Consider the simple groundwater flow problem shown in Figure 2.25(a). The equation of flow for steady-state saturated flow in the plane is

(A3.1)

The mathematical statement of the boundary conditions is

on and (A3.2)

on (A3.3)

on (A3.4)

We will solve for using the separation-of-variables technique.

Assume that the solution is a product solution of the form

(A3.5)

Equation (A3.1) then becomes

(A3.6)

Dividing through by yields

(A3.7)

The left-hand side is independent of . Therefore the right-hand side, despite its appearance, must also be independent of , since it is identically equal to the left-hand side. Similarly, the right-hand side is independent of , and so too is the left-hand side. If both sides are independent of and , each side must equal a constant. Therefore,

and (A3.8)

The constant may be positive, negative, or zero. All three cases lead to product solutions, but only the case leads to a solution that is physically meaningful for this problem. Equations (A3.8) become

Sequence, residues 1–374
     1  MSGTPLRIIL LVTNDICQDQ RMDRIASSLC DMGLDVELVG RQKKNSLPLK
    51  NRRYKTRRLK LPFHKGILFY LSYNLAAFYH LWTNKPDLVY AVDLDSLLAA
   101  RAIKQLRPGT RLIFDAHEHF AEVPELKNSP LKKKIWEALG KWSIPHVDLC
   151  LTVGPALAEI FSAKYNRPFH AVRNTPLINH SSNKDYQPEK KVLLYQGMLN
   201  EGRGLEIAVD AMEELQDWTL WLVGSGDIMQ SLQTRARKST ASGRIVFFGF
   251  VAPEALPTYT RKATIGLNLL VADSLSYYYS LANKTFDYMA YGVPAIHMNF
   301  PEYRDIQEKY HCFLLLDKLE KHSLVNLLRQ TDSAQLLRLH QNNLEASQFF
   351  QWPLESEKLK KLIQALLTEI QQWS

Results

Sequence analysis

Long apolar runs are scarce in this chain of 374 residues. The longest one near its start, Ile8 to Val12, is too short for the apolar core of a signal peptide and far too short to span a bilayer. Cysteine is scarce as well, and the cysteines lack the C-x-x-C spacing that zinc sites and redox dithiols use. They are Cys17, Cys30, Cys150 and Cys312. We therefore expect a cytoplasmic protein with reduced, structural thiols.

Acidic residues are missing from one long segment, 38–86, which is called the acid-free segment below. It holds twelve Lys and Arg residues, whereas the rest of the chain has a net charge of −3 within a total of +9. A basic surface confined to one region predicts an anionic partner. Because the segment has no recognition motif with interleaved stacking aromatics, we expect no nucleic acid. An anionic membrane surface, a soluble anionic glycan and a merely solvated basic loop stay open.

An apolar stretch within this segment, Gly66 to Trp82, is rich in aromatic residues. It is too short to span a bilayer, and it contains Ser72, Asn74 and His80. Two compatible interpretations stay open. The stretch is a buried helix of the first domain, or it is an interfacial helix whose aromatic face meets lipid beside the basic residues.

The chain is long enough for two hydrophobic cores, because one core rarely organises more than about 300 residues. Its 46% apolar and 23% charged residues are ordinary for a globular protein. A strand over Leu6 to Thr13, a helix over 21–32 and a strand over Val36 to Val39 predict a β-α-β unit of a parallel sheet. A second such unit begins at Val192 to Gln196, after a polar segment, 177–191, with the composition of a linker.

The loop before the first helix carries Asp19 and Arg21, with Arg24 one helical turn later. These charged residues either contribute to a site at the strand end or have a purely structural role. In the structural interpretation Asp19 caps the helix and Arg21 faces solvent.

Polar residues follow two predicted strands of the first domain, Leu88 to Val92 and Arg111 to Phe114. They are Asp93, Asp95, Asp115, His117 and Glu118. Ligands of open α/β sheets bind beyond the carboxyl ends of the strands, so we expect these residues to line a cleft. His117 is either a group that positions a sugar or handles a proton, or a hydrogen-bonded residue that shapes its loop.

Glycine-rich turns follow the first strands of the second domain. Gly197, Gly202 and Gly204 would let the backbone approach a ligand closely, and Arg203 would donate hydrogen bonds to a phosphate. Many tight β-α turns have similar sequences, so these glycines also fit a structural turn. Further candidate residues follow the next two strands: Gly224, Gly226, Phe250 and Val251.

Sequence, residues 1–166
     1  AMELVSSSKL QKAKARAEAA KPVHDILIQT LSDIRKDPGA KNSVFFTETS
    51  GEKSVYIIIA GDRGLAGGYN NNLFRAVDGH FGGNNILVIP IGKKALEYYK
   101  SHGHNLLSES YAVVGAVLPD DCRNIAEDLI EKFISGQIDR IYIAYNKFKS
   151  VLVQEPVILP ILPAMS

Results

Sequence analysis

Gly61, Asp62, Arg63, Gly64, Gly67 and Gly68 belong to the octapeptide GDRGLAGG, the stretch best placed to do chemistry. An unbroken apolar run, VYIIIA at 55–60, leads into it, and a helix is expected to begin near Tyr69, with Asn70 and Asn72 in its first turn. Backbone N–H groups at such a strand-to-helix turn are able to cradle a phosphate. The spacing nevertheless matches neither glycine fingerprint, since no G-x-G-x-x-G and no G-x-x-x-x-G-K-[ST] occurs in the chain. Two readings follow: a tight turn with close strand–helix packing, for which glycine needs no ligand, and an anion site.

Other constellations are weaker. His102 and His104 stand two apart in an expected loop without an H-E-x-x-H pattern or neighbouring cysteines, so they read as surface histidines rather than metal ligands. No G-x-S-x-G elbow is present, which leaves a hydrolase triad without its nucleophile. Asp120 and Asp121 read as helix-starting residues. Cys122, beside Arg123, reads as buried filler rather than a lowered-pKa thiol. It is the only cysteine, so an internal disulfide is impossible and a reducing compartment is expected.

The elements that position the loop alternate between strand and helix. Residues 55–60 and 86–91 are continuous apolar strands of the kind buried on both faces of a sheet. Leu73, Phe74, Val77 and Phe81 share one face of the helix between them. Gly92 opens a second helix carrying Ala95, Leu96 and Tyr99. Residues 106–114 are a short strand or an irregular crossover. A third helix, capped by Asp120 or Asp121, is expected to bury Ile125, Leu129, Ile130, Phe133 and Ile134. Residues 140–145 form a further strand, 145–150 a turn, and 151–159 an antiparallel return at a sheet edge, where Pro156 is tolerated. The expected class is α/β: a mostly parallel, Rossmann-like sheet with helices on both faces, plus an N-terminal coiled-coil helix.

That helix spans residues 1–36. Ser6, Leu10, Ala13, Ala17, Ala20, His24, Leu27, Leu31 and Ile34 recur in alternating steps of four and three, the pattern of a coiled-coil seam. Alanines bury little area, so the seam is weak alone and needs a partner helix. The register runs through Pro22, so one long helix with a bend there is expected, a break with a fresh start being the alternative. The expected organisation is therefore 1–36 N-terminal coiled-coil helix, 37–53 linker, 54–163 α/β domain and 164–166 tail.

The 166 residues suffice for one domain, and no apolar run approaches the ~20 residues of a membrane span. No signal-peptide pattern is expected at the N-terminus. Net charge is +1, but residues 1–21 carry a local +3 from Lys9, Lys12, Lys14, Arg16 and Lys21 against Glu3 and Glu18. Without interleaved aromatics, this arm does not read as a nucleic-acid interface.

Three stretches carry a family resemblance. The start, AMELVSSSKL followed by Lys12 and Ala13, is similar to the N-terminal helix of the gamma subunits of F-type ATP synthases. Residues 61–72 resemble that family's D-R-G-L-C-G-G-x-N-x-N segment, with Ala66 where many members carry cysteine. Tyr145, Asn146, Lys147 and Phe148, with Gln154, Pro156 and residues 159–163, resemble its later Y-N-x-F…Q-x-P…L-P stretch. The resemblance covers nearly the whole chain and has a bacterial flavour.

and (A3.9)

These are ordinary differential equations whose solutions are well known:

and (A3.10)

The product solution Eq. (A3.5) becomes

(A3.11)

We can evaluate the coefficients , , , and by invoking the boundary conditions. Differentiating Eq. (A3.11) with respect to yields

(A3.12)

and invocation of Eq. (A3.2) implies that . From Eq. (A3.11), we are left with

(A3.13)

Invoking the boundary conditions of Eqs. (A33) and (A3.4) yields and . The solution is, therefore,

(A3.14)

This equation is identical to Eq. (2.81), presented in Section 2.11 without proof.

It is immediately clear that Eq. (A3.14) satisfies the boundary conditions of Eqs. (A3.3) and (A3.4). Differentiation with respect to yields zero in satisfaction of Eq. (A3.2). Differentiation with respect to twice also yields zero, so the solution Eq. (A3.14) satisfies the equation of flow [Eq. (A3.1)].